Tim Peck MD, founder of Call9, which provided in-facility emergency care staff with telehealth capability for nursing homes, announced a new venture also targeted to nursing home/skilled nursing home (SNF) and rehabilitative health. Curve Health will provide telemedicine and health information exchange technology to SNFs and physician groups. Physicians calling on SNF patients will be able to access patient information before a telemedicine visit. According to Dr. Peck, Curve Health’s telehealth and HIE software are built on that of Call9’s. POLITICO Morning e-Health.
Call9 closed operations last July after four years and $34 million in investment. It achieved some success in New York state, covering 3,700 beds and a total of 11,000 patients treated. While they experienced measurable success–in a 200-bed SNF, they achieved a 50 percent reduction in ER admissions and a savings of $8M per year–made inroads with major payers like Anthem and Healthfirst plus expanded into community telemedicine, it ran into a funding wall all too common with this sector. While the book of business was decent and they had gone through two well-funded rounds, Call9 could not move easily into a Series C. Value-based care is a great buzzword and beloved by CMS, but it is a long payout curve, too long for many investors. More discussion on this is in our article 26 June 2019.
It is a shame as New York has been the epicenter of COVID-19 nursing home fatalities, due to a foolish (and this Editor is understating) state mandate of returning recovering patients right back to their nursing homes, which could not provide the level of care or isolate them. These patients often worsened, but also infected other patients and staff. Perhaps this could have been mitigated by Call9 or similar–but likely not.
Sadly, there’s a spotlight on nursing homes, rehabs, and LTC because of this pandemic. We look forward to more news from Dr. Peck and Curve Health in this specialized and underserved area of telehealth.
It’s the reimbursement. Telemedicine in nursing homes by specialists on call seems like a natural. A nursing home resident is usually older and frail. Nursing homes don’t generally have doctors in the facility; only 10 percent are estimated to have on-site doctors. A telemedicine consult administered by a nurse or even a trained assistant can provide proactive, just-in-time care, and possibly prevent an expensive hospital/ER visit–two-thirds of which may be potentially avoidable. That ER visit also can start a disastrous and expensive decline in the resident.
So the problem in the stars is…economics.What insurance companies pay for telehealth/telemedicine services. It varies if the patient is covered by Medicare, Medicaid, or dual-eligible–and also by private or LTC insurance. Some providers and payers are engaged with value-based care and payment models–others are not. CMS is concerned that telehealth drives up costs, not reduces them. Finally, administrators and nursing/clinical staff in the facility are not necessarily comfortable with technology in general. (Excel spreadsheets are, believe it or not, foreign to many.)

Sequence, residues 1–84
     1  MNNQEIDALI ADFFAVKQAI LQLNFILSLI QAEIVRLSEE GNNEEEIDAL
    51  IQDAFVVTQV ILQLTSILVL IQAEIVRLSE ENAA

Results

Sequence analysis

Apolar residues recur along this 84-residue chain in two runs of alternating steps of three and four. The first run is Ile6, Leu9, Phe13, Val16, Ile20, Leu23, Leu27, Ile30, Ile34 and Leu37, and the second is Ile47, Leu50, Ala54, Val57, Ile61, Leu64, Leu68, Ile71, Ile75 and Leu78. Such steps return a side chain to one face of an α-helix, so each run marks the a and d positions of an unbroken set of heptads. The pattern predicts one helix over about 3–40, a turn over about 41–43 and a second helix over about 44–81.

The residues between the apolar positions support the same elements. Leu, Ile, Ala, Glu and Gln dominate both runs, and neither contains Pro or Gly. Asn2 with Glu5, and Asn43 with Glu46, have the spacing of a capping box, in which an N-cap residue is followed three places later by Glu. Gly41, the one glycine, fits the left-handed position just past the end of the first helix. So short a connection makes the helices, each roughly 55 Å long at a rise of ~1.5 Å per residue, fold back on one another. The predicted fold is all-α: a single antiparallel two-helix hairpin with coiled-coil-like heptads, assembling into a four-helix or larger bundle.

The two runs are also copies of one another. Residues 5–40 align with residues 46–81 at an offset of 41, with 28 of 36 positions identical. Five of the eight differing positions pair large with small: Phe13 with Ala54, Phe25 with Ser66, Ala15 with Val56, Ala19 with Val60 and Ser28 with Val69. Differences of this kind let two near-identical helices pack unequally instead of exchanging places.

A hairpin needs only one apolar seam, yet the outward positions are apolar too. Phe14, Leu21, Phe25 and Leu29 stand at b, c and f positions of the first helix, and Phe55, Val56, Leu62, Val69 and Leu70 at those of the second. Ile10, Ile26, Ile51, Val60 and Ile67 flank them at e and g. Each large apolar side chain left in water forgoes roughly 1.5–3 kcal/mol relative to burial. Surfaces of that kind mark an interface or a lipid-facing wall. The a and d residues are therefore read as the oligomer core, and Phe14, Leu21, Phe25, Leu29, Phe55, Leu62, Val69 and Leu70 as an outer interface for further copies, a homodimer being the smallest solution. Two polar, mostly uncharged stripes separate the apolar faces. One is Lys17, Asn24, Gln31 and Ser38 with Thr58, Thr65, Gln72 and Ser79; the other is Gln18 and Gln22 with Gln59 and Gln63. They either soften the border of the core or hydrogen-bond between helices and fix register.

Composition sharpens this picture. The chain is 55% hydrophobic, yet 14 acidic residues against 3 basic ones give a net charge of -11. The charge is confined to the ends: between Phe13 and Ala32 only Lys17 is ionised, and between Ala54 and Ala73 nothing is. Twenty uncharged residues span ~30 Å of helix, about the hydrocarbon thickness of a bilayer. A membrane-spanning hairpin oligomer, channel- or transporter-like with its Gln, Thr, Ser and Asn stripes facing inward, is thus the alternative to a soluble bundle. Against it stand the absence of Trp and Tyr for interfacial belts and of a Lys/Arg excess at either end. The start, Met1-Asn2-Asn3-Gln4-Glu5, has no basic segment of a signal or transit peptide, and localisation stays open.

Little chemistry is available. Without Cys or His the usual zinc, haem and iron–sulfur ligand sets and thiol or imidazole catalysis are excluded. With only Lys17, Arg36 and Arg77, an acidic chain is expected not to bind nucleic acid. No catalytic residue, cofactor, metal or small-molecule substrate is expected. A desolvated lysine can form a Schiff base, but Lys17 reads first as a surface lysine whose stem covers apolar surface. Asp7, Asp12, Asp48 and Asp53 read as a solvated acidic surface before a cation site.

As Readers know, Call 9 couldn’t figure out the reimbursement problem nor how to keep up with payer demands–and ceased business [TTA 26 June]. Others like Curavi and Third Eye Health provide a video cart and provide on-demand consults. On the Federal level with Medicare, payments have been expanded for end-stage renal disease and stroke treatment, and Medicare Advantage plans can now offer telehealth. Still, there is no direct payment under Medicare for virtual emergency medicine. And telemedicine remains a rarity in SNFs, who prefer to send their residents to ERs ‘just to be sure’. POLITICO
Back in March, this Editor noted the substantial $34 million raise over the past three years by Call9. The Brooklyn-based company has pioneered an innovative approach filling a non-glamorous but badly needed gap in care–providing in-facility emergency care in SNFs and rehab facilities. Embedded in-facility first responders summoned by SNF nurses provide immediate care at a higher level than nursing home staff, married to telehealth capability that connects to remotely located emergency medicine doctors via a video cart and diagnostics. The goal is to provide care immediately, avoid unnecessary and potentially harmful ER/ED admissions (estimated at 19 percent of ambulance transports), and generally keep SNF patients healthier while on site.
The numbers are there. Call9 reported in their studies a 50 percent reduction in ER admissions and a savings of $8M per year for a 200-bed nursing facility. Even if these numbers are high, a reduction is welcome news to SNFs, payors, Medicare, and one would think nursing home patients and families. Hospital readmissions within 30 days are also a CMS quality measure important to SNFs–the lower the better.
The Hunter College Center for Health Technology in their blog reported that one Call9 feature is special training for staff at their in-house Call9 Academy in the unique emergency care demands present in a SNF. These were initally learned first hand by the founder, Dr. Timothy Peck, who lived three months in a Long Island SNF’s conference room in order to better understand staff and patient needs.